01 November 2014

Strength For The Journey -- Exercise Regimen

Within the past month, I have joined the YMCA down the street and signed up for eighteen 30-minute personal trainer sessions. I thought I might blog about the process of getting into better shape, how it affects my pain (chronic migraine mostly, but also degenerating discs in my spine) and what it all means for life and spirit and body and me.

I'll blog about the usual things as well, but will post maybe once a week about how the new exercise regimen is going. I hope it's helpful and informative to others. Although the particulars of our lives with chronic pain (physical, mental, spiritual) vary, our responses to it are often rooted in the same things, like grief, vulnerability, frustration, self-esteem, and productivity, among others.

So here are a few random thoughts to begin the new series.

Photo by William Marsh
The Time Is Right

 I notice that I've had to purposefully let go of all the "why did I wait so long to do this" kind of thoughts, which are never productive or helpful, and focus on the "why the time is right" affirmations. For me, the timing has to do with (1) finishing my degree and freeing up time; (2) finishing my degree and freeing up money; (3) a couple years' regular practice with exercises to strengthen my back and core; (4) a YMCA opening up three blocks away; (5) recent treatments for occipital neuralgia pain.

The Bikes Have These Cool Videos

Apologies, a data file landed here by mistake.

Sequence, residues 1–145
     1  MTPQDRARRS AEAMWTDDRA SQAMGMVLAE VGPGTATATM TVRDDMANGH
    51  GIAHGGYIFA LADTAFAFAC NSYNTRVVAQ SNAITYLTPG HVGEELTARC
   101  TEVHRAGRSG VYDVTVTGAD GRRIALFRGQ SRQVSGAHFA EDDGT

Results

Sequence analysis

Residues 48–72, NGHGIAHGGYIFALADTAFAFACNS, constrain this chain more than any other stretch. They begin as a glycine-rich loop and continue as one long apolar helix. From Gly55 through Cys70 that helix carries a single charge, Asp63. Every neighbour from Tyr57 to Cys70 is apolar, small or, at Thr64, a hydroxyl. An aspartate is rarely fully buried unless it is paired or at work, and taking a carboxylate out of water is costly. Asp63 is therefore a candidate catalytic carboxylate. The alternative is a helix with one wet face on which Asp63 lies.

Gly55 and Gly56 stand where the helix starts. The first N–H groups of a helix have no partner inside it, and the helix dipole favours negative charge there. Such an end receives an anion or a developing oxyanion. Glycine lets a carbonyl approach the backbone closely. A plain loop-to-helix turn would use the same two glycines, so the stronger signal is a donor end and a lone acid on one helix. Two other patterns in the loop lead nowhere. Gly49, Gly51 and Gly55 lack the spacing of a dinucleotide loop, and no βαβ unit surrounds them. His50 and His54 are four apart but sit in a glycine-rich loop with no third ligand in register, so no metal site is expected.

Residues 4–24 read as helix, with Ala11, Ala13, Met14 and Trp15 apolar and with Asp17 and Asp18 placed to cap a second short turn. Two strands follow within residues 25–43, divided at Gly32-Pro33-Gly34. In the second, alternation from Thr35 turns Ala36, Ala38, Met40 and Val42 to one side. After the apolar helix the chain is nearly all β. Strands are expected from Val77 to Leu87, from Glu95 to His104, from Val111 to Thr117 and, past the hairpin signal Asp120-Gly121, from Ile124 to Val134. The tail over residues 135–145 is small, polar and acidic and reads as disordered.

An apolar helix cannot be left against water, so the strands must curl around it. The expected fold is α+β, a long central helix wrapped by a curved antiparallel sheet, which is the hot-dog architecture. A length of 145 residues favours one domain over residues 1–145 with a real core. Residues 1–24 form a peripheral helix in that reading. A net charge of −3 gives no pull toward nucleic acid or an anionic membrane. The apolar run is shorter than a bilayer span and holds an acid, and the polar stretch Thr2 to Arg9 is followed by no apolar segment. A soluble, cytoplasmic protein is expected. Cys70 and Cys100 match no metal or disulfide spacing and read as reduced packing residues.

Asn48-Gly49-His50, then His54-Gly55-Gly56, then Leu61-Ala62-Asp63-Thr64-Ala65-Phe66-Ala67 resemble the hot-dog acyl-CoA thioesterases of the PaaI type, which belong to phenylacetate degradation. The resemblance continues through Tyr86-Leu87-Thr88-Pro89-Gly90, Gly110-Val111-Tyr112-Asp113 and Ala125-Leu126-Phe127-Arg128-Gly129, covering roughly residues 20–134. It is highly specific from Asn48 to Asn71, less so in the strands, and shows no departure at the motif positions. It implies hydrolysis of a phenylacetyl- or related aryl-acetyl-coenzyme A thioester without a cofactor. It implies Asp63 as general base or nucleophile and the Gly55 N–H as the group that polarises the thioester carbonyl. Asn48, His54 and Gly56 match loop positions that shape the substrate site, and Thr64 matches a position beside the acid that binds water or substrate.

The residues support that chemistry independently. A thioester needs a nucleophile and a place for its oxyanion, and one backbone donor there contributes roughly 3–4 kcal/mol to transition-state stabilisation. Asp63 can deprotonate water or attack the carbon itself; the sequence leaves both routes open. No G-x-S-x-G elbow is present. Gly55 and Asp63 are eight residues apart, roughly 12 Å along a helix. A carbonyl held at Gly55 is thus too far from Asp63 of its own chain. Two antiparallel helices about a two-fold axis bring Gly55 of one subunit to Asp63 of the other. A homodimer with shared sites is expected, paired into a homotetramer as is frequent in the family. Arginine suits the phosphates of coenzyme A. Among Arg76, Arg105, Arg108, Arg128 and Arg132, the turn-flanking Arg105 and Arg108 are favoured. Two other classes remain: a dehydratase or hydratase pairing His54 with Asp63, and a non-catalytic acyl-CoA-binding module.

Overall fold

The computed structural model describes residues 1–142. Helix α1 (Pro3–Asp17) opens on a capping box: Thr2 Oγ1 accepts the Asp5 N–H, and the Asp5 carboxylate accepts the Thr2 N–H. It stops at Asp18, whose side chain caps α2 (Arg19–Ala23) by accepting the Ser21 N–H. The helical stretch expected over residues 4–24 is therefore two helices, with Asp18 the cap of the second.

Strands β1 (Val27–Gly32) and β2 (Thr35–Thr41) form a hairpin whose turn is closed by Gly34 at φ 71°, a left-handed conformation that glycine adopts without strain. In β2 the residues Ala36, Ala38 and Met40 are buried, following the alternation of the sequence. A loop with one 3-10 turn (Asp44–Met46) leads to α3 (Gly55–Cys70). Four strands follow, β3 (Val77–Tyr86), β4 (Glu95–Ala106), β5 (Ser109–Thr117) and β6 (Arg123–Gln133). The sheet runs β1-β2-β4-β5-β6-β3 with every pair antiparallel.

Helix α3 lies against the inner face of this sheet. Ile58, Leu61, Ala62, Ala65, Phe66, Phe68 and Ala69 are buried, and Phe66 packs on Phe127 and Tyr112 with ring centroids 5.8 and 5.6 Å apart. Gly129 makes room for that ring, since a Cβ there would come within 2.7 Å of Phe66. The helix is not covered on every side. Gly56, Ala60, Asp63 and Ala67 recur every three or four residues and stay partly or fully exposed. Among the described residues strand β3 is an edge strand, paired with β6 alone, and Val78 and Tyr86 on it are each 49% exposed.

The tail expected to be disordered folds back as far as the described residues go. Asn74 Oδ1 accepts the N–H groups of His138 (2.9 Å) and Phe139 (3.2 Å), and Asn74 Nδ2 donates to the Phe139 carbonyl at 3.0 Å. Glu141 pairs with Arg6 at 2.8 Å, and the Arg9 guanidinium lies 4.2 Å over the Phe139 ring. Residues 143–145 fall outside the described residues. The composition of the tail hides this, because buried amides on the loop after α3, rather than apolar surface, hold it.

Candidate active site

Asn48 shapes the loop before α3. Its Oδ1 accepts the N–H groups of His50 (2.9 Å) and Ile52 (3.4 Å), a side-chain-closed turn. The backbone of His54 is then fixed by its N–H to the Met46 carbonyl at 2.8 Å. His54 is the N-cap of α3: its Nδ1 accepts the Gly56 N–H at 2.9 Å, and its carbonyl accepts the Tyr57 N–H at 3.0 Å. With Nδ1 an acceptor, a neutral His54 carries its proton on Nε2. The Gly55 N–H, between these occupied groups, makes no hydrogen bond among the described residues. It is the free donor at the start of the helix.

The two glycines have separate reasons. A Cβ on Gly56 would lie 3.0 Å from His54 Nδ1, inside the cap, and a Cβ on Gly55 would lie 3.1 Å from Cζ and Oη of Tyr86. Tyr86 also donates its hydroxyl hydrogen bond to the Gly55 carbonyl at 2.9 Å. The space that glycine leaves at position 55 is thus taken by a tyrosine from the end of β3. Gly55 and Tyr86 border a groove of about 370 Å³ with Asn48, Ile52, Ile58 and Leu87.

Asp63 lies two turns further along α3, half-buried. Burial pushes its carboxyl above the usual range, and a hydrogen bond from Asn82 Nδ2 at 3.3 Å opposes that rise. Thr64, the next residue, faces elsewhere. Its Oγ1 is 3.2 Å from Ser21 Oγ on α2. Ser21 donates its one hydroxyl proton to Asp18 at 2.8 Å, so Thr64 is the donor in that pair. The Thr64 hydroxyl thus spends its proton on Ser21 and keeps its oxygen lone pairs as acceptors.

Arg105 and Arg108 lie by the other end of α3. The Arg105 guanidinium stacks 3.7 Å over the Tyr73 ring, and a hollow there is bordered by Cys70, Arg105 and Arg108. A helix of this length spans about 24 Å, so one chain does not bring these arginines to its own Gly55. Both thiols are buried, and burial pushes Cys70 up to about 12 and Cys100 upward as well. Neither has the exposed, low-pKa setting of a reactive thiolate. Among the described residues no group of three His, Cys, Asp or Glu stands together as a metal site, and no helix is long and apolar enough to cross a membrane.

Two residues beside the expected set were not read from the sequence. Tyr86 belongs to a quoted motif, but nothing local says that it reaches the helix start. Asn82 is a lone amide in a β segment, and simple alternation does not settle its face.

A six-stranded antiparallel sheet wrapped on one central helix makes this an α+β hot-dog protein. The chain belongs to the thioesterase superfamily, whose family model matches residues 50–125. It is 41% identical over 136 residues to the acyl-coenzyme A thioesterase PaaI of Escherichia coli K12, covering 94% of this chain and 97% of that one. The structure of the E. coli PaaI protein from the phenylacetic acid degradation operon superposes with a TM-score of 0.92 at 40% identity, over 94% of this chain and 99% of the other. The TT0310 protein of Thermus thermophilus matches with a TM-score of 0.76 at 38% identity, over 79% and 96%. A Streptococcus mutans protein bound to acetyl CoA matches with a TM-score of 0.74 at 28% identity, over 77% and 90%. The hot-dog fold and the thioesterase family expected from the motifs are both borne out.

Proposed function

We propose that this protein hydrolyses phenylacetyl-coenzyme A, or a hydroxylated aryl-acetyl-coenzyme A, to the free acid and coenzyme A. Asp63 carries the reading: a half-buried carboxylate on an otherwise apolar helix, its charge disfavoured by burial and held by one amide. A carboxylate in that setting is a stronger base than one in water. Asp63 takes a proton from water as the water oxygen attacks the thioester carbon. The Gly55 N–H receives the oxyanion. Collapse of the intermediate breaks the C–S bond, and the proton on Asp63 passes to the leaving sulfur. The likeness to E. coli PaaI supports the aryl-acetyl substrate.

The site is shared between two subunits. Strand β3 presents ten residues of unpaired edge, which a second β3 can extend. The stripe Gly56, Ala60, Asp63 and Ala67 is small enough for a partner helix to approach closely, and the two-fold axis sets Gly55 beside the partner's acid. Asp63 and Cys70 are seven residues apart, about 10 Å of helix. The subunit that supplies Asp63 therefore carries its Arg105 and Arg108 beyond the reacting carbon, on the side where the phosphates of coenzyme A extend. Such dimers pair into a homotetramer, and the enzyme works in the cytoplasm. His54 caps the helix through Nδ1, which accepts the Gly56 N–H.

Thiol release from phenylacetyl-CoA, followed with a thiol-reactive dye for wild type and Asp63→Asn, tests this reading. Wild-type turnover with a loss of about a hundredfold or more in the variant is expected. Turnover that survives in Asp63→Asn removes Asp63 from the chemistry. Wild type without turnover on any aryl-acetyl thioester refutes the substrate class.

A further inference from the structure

I cannot ride the upright bike because the posture exacerbates my back problems, so I'm really glad for the row of six recumbents near the windows up front. But the real excitement comes from the video bike rides through France that are programmed in the monitor. I can't tell you how excited I was when I discovered this feature, but I now have a habit of sending braggy texts to my husband: "Went biking this morning through the Col de la Colombiere."

My Personal Trainer Is Awesome
I've been leery of exercise because activity almost always makes my headache pain worse. But I've also noticed that purposeful exercise, like walking, improves my mood, which  makes the pain easier to take and helps my pain management practice. It's sort of a compromise, one I've become more willing to make. And Veronica makes the compromise so much more do-able. She keeps the pace slow, checks and double-checks my pain level, allows me as much time as I need to get over dizziness or throbbing pain, and tailors every moment of our time together to the realities of my physical capacities. Which are not impressive but which she accepts.

So far so good. More later.

Thanks for reading my blog. You can leave a comment below or email  me at carold.marsh@gmail.com.

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